Trends and Tropes of our First 52 Episodes

statisticsOne of the many distinguishing aspects of the Roundtable Podcast is our listeners. In addition to showing unparallelled good taste, they’re a creative and insightful crew, always keen to find a new way to look at what everyone thinks they’ve already seen.

One such listener is Peter Ellis. Six months ago, he showed us the trends and tropes of our first 25 episodes. And now, at our one year anniversary, Peter has graciously returned and delivered an even more thorough and revealing summary of an entire year of story workshops.

Thank you so much for this, Peter… the patterns and rhythms of the year affirm the path we’re on and help us chart our course for the year ahead. We’re in your debt, sir! 🙂

Congratulations on completing a full year of roundtable podcast. I have continued listening and analyzing the story pitches. I’m sure you are interested in the results, but I need to, as you say “Cover my ass”.

In categorizing the Genre/themes/tropes/etc. of the stories pitched on “The Roundtable Podcast” the assessments were my own subjective judgment.

That is not to say that I was arbitrary. I spent time considering things like “Are all Post-Apocalyptic stories Dystopian?” or “Mystery, Conspiracy, and Espionage stories all depend on secrets, does that make them the same?” (I decide no and no by the way. On the other hand I did decide that Dystopian does require Conspiracy.)

So here is what I found…

Out of 52 episodes


  • 26 SF [50%]
  • 22 Fantasy [42%]
  • 1 Science Fantasy (SF disguised as Fantasy)
  • 2 stories which may be either
  • 1 story which may be neither

I think it is interesting how close this comes to even. SF is slightly ahead of Fantasy, but not by much.


  • 23 Set in or near present day (3 with access to “magical” realms) [44%]
  • 9 are post-apocalyptic (including 1 Undersea setting) [17%]
  • 7 are set in another reality (i.e. Secondary World Fantasy) [13%]
  • 7 are set in past historical periods [13%]
  • 5 are set in other solar systems (SF) [10%]
  • 1 is set in Earth’s far future (SF)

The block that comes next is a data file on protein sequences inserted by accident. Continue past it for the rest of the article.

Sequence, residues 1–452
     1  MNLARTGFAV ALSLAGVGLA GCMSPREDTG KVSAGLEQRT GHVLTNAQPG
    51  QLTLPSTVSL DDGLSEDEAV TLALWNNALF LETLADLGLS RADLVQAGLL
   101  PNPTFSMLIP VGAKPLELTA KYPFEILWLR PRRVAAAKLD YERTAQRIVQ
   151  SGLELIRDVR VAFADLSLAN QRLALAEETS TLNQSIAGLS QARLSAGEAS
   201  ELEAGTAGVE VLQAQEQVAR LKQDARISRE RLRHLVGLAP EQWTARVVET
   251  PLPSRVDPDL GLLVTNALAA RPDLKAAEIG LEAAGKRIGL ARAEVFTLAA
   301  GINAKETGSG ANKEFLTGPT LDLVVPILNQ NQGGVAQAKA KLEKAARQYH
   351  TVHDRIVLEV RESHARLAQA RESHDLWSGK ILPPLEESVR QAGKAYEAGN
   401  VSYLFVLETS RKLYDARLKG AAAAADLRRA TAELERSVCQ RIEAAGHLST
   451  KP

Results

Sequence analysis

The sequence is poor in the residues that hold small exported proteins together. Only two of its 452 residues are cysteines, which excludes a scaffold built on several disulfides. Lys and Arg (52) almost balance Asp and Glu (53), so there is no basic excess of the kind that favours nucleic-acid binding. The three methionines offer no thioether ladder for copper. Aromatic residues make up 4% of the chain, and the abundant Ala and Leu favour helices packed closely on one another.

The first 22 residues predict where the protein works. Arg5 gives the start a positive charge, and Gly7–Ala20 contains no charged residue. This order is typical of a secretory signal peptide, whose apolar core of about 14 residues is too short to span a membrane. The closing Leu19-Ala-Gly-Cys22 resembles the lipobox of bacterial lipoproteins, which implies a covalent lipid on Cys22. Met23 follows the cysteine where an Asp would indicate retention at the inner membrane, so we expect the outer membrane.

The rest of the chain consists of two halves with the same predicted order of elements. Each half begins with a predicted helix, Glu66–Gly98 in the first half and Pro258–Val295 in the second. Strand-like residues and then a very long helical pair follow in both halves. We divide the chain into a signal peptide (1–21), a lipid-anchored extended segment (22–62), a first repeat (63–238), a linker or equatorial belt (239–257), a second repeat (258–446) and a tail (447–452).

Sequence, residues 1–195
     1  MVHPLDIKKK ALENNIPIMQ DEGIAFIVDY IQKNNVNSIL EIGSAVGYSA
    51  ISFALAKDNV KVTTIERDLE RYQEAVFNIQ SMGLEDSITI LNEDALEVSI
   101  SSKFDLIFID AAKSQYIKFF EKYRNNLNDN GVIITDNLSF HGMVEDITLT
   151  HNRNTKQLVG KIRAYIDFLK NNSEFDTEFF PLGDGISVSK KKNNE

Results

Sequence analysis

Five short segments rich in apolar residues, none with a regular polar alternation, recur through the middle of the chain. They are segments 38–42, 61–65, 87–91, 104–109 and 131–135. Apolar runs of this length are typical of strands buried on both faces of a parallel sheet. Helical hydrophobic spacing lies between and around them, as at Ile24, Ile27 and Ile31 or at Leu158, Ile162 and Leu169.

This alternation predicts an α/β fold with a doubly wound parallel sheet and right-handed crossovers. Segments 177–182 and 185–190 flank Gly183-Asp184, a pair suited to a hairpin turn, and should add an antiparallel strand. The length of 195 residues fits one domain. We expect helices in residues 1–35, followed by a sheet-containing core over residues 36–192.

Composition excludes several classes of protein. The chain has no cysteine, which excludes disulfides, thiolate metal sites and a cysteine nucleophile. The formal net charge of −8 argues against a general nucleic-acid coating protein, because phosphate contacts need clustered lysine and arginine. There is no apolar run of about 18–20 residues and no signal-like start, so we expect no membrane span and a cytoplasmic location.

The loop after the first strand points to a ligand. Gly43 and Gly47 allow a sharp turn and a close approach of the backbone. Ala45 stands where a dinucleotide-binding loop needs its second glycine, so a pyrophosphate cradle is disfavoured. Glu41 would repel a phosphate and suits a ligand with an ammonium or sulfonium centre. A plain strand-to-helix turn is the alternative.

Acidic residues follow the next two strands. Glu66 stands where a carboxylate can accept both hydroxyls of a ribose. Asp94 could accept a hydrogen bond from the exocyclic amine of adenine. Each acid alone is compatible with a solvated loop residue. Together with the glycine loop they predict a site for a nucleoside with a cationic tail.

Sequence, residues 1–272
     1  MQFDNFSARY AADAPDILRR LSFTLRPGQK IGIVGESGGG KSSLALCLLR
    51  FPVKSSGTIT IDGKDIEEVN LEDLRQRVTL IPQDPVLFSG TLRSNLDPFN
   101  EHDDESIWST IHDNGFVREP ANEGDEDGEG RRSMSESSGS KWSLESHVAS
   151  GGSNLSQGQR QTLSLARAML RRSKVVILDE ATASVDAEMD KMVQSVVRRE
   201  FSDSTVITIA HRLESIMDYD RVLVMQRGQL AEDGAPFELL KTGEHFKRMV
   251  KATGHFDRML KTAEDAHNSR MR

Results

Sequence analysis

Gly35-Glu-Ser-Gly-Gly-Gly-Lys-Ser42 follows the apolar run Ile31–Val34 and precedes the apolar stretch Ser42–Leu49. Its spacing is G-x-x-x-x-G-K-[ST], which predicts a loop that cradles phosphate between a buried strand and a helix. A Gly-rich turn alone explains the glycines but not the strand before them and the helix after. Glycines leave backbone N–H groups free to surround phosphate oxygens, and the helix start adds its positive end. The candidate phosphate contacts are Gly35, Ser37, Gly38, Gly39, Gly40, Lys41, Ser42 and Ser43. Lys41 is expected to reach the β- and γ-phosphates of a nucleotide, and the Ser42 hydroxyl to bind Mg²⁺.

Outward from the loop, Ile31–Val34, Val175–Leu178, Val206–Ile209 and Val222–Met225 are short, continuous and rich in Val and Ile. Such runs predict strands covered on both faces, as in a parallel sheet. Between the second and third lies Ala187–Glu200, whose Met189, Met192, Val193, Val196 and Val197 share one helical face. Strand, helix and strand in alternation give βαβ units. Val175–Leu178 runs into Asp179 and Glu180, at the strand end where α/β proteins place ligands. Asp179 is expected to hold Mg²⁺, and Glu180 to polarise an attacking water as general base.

Present day (U.S.A.) is by far the most popular setting; of course that includes both SF and Fantasy. Post-Apocalyptic are as popular as Superheroes, Urban Fantasy, or Aliens in the other categories (There was of course one Post-Apocalyptic/Superhero pitch) but still are less than 20%.


  • 9 Superhero [17%]
  • 9 Urban Fantasy [17%]
  • 6 Conspiracy [12%]
  • 5 Epic Fantasy [10%]
  • 5 Mystery [10%]
  • 5 Space Opera [10%]
  • 4 Western
  • 3 Time Travel
  • 2 Espionage
  • 1 Ghost Story
  • 1 Vampire Story
  • 1 “Zombie” Story

Dividing between “Sub-Genre” and “Theme” is not easy. In general I considered “Sub-Genre” to be things which almost define the plot (So a Mystery story suggests a certain plot structure, while a Ghost story suggests a different plot structure). “Theme” on the other hand seems to me to be things which are significant to the story but don’t define the plot.


  • 9 Aliens [17%]
  • 8 AI/Robots [15%]
  • 8 Religion [15%]
  • 5 Steampunk [10%]
  • 4 Virus
  • 2 Demons
  • 2 Nanites
  • 2 Psionics
  • 1 Martial Arts
  • 1 Dreams
  • 1 Music
  • 1 Werewolves


  • 8 YA & Midgrade [15%]
  • 4 Distopia
  • 4 Noir
  • 3 Satire
  • 2 Erotic
  • 2 Surreal

I went for a broad definition of “Tone” to fit some different ideas. I also admit that there were a number of pitches that did not suggest a specific tone to me.

While the guest authors covered a wide variety of stories, I have not heard any story pitches with Dinosaurs or Military Campaigns. There were characters that were military or ex-military personnel, but no “war stories”.

I have also been looking at some other details. For the authors sharing their stories 11 were women (21%) and 41 were men (79%).  I do realize that you are not responsible for the gender ratio of people volunteering to share a story on the show; you have very little control over that.

The guest authors on the other hand you do have some control over. In the first 52 episodes there were 15 women (29%) and 37 men (71%).  I am not accusing you guys of bias; I am just reporting the facts.

— Peter R. Ellis

Comments (1)

This was really cool to see. Thanks for sharing this Peter. It is really interesting to see the results of your findings.

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